Researchers Create Tiny “Rockets” to Zoom Around Inside the Human Body

by on November 26th, 2010
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It may sound more like fiction than reality, but Wei Gao, Aysegul Uygun, and Joseph Wang researchers from the University of California have developed tiny bubble rockets that can propel themselves around inside of the human body. They have published details of how they accomplished this feat in the Journal of the American Chemical Society.

As it turns out, this new latest body rocket isn’t the first of its kind, but it is certainly the most practical. It works, the authors say, by producing little tiny bubbles that squirt out the back end of the rocket, propelling it forward. Of course, because its mission is to move around inside a living person, it’s very small. Ten micrometers long to be exact, which is too small to see without a microscope. It’s thin too, at just two microns wide.

The rocket looks like a tiny tube made of a special kind of plastic that is resistant to body chemicals and doesn’t leave any trace evidence of its presence. Inside of the rocket, in the back end, is a tiny amount of zinc. When that zinc is exposed to bodily fluids it lets of a very tiny amount of hydrogen in the form of bubbles. Enough to make it go shooting from one body part to another, though the term shooting has to be used very loosely when talking about bubble rockets. In practice it goes about 1,000 micrometers per second, which if you looked at it under a microscope would appear to be very fast. In the real world, maybe not so much. Since the bubble blast only lasts for about ten seconds, the rocket would move about ten thousand micrometers, or ten millimeters which is about a quarter of an inch.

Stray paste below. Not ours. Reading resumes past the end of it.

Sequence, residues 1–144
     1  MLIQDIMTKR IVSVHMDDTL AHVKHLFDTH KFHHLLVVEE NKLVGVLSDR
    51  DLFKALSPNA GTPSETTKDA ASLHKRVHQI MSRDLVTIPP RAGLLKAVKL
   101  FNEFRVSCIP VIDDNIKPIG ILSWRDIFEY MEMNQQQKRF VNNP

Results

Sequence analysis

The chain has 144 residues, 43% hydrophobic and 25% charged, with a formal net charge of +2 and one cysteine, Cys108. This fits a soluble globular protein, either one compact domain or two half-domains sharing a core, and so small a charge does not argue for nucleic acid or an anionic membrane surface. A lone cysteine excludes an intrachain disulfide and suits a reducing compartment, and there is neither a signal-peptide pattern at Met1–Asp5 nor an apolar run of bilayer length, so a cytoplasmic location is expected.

Granted that’s not much, the researchers acknowledge, but it’s more than enough to allow for capturing information about what’s going on in certain body parts, such as the gut or even large arteries or veins.

Thus far, the little rockets don’t have any measuring abilities, and aren’t retrievable without surgery, as they are more of a test-of-concept at this point, than an actual medical tool. The researchers point out however that sensors tiny enough to fit inside their little rocket do exist, and they plan to test them out in the very near future. If their trials are successful, many of us could one day find ourselves being injected a the doctor’s office with little rockets that zoom to a problem area and report back on its findings, and hopefully, provide answers to what ails us.


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